When you think of a hacker, what do you picture? As someone who grew up in the ’90s, my go-to mental image was always Boris Grishenko, the bespectacled computer technician from 1995’s James Bond film GoldenEye, known for his catchphrase, “I am invincible!”
Things have only slightly changed 22 years later. Sure, the stereotypical hacker of 2017 might be younger and more prone to wearing feature-concealing hoodies. They might even have a bit of swagger, as in Watch Dogs 2. But they’re still pictured typing green text on a black screen at lightning speed, using expertise the rest of us could never understand in their evil work.
That’s the image Dr Ian Levy, technical director at the National Cyber Security Centre, rejected this week. Speaking at a conference, he warned that attackers’ skills are being hyped up by security firms out to make money by offering their products as The Only Answer™.
Is cyber security glamourised? Certainly to some level. People often assume things they don’t understand are more complicated than they really are, there is a lot of specialist knowledge involved, and people in the sector do spend some time hurriedly typing terminal commands.
But although there is some truth to the hacker stereotype, Levy was right to criticise it, because many aspects of cyber security are very simple. He used the example of the TalkTalk hack, in which a teenage hacker used an SQL injection attack to steal more than 150,000 customers’ personal information, but it gets even simpler than that, both for attackers and for defenders.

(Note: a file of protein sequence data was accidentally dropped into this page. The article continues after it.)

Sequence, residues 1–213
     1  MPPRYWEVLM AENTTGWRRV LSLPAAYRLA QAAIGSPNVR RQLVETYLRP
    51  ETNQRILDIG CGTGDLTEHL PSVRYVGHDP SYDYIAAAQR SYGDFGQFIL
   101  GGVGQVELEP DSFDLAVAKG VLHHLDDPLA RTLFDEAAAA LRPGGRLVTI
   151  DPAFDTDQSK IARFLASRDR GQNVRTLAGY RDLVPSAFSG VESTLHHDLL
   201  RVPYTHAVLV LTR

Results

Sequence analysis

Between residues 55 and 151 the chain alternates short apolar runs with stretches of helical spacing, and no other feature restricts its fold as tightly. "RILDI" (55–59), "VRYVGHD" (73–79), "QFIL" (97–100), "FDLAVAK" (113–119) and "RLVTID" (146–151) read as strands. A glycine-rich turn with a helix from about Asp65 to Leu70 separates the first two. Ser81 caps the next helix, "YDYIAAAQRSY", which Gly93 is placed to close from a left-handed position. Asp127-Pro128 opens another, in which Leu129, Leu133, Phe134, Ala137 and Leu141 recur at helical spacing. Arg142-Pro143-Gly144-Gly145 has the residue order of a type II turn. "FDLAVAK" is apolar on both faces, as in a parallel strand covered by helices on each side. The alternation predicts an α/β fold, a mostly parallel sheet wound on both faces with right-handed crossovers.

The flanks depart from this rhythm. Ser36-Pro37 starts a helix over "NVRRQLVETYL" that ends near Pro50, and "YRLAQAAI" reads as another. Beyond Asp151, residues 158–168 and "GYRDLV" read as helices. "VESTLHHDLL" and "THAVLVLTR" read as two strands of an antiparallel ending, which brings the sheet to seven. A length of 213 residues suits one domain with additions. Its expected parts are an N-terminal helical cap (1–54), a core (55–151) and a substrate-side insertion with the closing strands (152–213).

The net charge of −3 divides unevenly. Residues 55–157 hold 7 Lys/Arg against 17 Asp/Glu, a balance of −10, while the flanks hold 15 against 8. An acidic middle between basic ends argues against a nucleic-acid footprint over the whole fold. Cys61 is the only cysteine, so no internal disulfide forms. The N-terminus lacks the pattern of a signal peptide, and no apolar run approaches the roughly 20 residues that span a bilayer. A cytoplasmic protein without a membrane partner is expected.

Using anti-virus, being careful about email attachments, and not visiting dodgy websites can all go a long way to keeping consumers – and the businesses they work for – more secure. By painting a picture of cyber security as an experts-only field full of high-level nation-state espionage, vendors risk alienating regular users, who will view security as inaccessible to them.
At the end of the day, security isn’t just the responsibility of the IT department – it’s a whole-organisation effort. The more welcomingly it is presented, the more likely it is that those without specialist knowledge will engage with it – and that’s a good thing for us all.